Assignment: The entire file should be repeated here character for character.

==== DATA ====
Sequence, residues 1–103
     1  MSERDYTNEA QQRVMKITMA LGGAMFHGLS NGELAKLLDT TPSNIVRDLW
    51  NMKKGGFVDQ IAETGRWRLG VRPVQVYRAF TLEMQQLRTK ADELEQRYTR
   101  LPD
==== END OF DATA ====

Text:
Sequence, residues 1–103
     1  MSERDYTNEA QQRVMKITMA LGGAMFHGLS NGELAKLLDT TPSNIVRDLW
    51  NMKKGGFVDQ IAETGRWRLG VRPVQVYRAF TLEMQQLRTK ADELEQRYTR
   101  LPD